Students with the Fremont High School Welding Academy recently competed in a welding competition at the Fort Omaha Campus at Omaha’s Metropolitan Community College — and they returned with impressive results.
Of the eight students who competed, five placed in the top 10, and Fremont students scored first and second place.
Devin Roschewski placed in first and Zach Strobel placed in second. Meanwhile, students Ivan Esparza, Austyn Gard and Quentin Cisler finished in the top 10 during the Feb. 2 Inaugural Metro Omaha Trades Invitational, which featured competitions in a broad range of vocational skills.
The students will now go on to represent Fremont High School in state-level welding competitions hosted by SkillsUSA, a national organization that focuses on skills that help students get career ready. The SkillsUSA program has grown in Fremont High School, according to Fremont High School’s Welding Academy Instructor Brad Ryun. It now has 28 members of SkillsUSA, but Ryun can remember a few years ago, when there were only three or four.
“I’m just proud of [our students’] recruiting,” Ryun said. “We’ve increased our numbers every single year that I’ve been a part of this. They’re coming in and working, they’re staying dedicated toward the skilled trades and working toward their careers, and it’s awesome to see the work they’ve put into it.”
Fremont SkillsUSA students will be participating in around 11 different competitions in welding and beyond at the state-level events in April, Ryun said. Those include machining, welding, criminal justice and competitions based around job interviews or technical team problem solving.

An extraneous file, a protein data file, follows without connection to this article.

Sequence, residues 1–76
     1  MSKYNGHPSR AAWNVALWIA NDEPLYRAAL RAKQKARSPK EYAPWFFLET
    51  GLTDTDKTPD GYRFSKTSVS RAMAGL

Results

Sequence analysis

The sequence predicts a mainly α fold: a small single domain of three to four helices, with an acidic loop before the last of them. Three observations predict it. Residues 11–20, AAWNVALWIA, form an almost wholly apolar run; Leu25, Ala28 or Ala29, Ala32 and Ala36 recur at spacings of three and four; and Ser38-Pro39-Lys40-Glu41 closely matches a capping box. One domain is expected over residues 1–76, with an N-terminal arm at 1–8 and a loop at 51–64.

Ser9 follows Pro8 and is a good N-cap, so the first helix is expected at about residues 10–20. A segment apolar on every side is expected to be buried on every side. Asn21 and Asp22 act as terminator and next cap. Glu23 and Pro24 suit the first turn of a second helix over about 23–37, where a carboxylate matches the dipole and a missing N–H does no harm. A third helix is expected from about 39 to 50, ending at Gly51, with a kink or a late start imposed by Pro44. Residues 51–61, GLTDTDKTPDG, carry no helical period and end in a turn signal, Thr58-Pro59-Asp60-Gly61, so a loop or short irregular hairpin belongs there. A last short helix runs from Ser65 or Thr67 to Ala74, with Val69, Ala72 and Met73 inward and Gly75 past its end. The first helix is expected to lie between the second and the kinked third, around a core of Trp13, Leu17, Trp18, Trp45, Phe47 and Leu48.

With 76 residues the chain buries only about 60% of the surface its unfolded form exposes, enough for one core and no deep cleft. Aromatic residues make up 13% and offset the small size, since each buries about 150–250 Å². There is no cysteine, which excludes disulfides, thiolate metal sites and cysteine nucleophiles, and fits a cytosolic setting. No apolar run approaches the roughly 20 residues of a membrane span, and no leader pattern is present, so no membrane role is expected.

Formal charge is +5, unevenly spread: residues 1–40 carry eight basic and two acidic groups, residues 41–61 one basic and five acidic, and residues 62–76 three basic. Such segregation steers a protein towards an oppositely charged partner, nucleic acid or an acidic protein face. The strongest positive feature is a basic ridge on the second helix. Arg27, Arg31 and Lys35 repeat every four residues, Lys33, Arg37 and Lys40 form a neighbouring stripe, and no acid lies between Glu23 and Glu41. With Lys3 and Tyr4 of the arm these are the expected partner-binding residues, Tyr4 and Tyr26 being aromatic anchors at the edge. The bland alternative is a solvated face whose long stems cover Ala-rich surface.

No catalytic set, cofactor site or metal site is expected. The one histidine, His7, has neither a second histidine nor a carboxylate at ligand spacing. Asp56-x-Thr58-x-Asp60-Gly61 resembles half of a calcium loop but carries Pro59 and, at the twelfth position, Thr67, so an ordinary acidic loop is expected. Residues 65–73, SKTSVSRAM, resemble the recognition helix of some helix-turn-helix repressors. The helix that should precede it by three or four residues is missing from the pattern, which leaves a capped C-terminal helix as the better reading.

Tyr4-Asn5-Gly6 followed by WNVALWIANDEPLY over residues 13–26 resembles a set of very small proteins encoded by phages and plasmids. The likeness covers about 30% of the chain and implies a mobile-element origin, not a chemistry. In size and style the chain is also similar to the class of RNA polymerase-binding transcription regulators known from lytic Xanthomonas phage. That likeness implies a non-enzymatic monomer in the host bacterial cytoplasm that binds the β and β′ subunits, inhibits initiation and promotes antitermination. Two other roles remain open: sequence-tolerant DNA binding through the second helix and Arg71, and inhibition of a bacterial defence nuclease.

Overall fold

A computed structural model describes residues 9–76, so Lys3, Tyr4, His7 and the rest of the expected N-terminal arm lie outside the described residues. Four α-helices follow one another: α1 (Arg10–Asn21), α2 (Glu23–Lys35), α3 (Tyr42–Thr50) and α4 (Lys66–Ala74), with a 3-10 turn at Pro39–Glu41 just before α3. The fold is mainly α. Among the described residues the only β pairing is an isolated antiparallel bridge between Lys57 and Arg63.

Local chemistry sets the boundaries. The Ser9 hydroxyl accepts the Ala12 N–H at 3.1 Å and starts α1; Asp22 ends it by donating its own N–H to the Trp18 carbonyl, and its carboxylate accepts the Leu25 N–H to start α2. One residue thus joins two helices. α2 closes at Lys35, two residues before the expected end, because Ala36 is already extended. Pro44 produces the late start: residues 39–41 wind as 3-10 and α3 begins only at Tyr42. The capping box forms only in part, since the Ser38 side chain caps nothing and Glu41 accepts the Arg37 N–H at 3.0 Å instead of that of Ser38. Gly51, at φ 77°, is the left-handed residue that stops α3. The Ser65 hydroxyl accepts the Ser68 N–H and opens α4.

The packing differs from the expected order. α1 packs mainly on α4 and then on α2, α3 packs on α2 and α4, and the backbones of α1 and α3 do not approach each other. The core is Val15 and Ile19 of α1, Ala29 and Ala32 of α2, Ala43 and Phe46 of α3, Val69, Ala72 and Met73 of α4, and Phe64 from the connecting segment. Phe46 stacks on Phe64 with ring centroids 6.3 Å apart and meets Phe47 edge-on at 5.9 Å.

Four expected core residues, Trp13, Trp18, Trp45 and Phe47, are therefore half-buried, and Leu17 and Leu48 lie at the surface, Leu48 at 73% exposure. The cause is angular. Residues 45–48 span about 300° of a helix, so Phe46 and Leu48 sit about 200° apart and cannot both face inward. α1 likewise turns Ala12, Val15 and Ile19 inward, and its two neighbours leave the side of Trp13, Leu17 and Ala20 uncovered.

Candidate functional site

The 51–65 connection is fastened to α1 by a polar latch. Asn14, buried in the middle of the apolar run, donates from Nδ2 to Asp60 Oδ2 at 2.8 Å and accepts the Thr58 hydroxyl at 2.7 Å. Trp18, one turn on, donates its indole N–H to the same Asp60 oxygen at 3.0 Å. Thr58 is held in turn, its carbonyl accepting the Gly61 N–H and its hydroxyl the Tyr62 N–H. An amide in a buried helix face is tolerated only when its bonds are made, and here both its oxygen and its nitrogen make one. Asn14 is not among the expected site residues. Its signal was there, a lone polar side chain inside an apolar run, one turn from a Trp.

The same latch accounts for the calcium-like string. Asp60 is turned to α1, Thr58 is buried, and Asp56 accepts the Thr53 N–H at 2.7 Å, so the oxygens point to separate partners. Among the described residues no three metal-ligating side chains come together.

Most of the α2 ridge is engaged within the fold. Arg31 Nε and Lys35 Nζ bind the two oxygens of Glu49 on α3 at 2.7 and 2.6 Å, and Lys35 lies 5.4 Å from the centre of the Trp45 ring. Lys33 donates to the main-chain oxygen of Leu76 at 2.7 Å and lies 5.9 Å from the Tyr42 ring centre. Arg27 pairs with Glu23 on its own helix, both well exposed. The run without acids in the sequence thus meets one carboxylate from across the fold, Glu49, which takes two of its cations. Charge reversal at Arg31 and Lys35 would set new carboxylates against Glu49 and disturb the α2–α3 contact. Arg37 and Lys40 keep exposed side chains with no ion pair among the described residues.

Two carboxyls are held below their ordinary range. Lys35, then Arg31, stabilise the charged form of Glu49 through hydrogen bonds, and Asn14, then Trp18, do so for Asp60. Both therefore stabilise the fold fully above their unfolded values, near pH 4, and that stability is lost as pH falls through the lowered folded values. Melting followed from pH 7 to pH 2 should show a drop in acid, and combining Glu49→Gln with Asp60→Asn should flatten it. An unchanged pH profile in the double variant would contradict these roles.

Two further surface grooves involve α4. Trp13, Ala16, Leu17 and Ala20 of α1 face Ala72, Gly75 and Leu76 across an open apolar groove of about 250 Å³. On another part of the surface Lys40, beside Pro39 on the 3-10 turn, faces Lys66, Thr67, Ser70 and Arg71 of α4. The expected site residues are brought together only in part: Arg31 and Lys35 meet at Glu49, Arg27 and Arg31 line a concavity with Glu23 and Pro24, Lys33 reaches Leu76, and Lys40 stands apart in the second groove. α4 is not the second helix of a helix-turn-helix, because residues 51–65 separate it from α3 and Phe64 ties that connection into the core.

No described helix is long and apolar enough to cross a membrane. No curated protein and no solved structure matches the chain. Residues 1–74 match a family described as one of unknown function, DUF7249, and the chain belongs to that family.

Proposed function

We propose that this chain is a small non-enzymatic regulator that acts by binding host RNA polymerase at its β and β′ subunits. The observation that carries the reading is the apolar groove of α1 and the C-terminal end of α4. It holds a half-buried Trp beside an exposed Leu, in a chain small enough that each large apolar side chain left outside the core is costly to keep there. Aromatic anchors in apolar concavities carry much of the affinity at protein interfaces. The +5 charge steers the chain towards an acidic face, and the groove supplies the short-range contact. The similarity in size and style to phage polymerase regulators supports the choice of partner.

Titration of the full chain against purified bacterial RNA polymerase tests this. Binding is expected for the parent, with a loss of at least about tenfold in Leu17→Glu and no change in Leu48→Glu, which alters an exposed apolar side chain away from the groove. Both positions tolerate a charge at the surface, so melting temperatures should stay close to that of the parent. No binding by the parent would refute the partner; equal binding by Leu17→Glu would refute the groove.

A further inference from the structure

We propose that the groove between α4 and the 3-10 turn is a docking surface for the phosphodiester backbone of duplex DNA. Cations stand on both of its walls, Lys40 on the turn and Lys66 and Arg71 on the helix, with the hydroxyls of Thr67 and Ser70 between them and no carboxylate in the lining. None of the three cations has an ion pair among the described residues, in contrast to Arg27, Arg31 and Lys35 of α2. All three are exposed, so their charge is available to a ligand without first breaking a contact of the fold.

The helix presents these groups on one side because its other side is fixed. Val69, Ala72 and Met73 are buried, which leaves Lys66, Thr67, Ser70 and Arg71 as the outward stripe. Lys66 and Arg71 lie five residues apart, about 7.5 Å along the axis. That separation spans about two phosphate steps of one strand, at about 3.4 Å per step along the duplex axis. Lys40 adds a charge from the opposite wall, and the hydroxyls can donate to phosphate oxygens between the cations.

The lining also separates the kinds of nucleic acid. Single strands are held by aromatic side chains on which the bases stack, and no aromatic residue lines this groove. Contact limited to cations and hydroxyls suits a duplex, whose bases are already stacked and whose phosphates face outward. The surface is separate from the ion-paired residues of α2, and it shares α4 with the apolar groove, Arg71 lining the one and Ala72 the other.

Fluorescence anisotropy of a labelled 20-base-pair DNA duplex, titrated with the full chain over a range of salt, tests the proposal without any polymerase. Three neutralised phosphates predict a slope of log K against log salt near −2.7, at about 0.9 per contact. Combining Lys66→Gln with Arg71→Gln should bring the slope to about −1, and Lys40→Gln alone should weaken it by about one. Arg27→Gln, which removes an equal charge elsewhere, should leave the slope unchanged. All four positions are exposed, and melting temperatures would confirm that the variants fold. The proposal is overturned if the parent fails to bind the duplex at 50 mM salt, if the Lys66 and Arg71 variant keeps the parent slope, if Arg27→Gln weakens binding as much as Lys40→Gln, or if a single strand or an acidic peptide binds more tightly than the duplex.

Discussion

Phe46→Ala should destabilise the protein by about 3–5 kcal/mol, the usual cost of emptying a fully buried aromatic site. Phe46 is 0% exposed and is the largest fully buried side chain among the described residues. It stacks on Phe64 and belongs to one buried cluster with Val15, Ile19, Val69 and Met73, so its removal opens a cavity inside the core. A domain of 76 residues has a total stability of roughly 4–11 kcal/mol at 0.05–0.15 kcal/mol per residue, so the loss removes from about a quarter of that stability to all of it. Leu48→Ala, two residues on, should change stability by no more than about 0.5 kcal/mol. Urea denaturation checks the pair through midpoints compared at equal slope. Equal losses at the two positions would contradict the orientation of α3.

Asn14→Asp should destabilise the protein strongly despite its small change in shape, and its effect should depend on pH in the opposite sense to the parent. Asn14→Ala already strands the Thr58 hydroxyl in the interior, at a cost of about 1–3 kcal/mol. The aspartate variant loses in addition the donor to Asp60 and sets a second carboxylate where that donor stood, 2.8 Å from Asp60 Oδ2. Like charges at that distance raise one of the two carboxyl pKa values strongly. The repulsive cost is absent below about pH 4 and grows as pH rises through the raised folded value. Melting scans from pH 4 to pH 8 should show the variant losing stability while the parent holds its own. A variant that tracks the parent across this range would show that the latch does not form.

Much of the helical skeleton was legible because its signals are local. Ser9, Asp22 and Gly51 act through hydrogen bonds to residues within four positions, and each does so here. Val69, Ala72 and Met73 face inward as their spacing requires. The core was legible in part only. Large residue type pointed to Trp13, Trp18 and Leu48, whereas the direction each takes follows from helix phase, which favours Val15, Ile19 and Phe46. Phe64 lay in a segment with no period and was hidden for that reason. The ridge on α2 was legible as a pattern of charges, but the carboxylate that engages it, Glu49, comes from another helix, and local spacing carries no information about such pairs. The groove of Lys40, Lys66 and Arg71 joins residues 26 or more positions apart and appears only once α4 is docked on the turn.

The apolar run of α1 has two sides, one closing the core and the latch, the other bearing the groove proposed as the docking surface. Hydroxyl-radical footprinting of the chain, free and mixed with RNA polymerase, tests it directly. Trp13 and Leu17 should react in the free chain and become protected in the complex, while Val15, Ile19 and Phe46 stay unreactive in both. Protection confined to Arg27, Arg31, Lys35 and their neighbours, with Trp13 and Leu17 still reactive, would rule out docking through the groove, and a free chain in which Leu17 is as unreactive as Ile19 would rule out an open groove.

The welding students at this month’s competitions spent long hours preparing for the Omaha competition, Ryun said. They practiced two days per week, beginning at 3:10 p.m., with some staying as late as 10:30 p.m. or 11 p.m.
During the competition, students participated in Gas Metal Arc Welding, Shield Metal Arc Welding, Oxy-fuel welding and had to take a written test. They were judged and received a cumulative score.
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Ryun added that students were excited about the results.
“It’s great for them to see that their hard work’s paid off, that the time and dedication that they’ve put into it — they really reaped those benefits,” he said.
Ryun is an instructor of Fremont High School’s Welding Academy, which is hosted in conjunction with Metropolitan Community College and allows students to perfect their craft and also take courses for dual credit with the college.
Metropolitan Community College’s Rob Hocking is the co-instructor for the course. Ryun argues that programs like the Welding Academy and SkillsUSA help make students career ready.
“He’s been welding for decades and bringing that experience in really helps with the students,” Ryun said of Hocking. “Being able to see what it’s like to be getting direction from a foreman, or a former foreman and somebody who knows all the processes and is able to take them to that next level so that when they go in to get a job, they’re already ready to go.”
Ryun noted that skills-based jobs like welding offer students the opportunity to make a decent salary at a young age. Students from the Welding Academy have gone on to work at Valmont, Smeal and other companies. Others have pursued more education.
Events like the Inaugural Metro Omaha Trades Invitational and the state events in April also give students an opportunity to network with potential employers.
“The people that are grading these competitions are industry experts, they’re looking for employees,” Ryun said. “And so we’re working with them on the soft skills, how to look somebody in the eye, shake somebody’s hand, get direction from somebody, punctuality is a huge one, so when they go into the industry they’re ready to go.”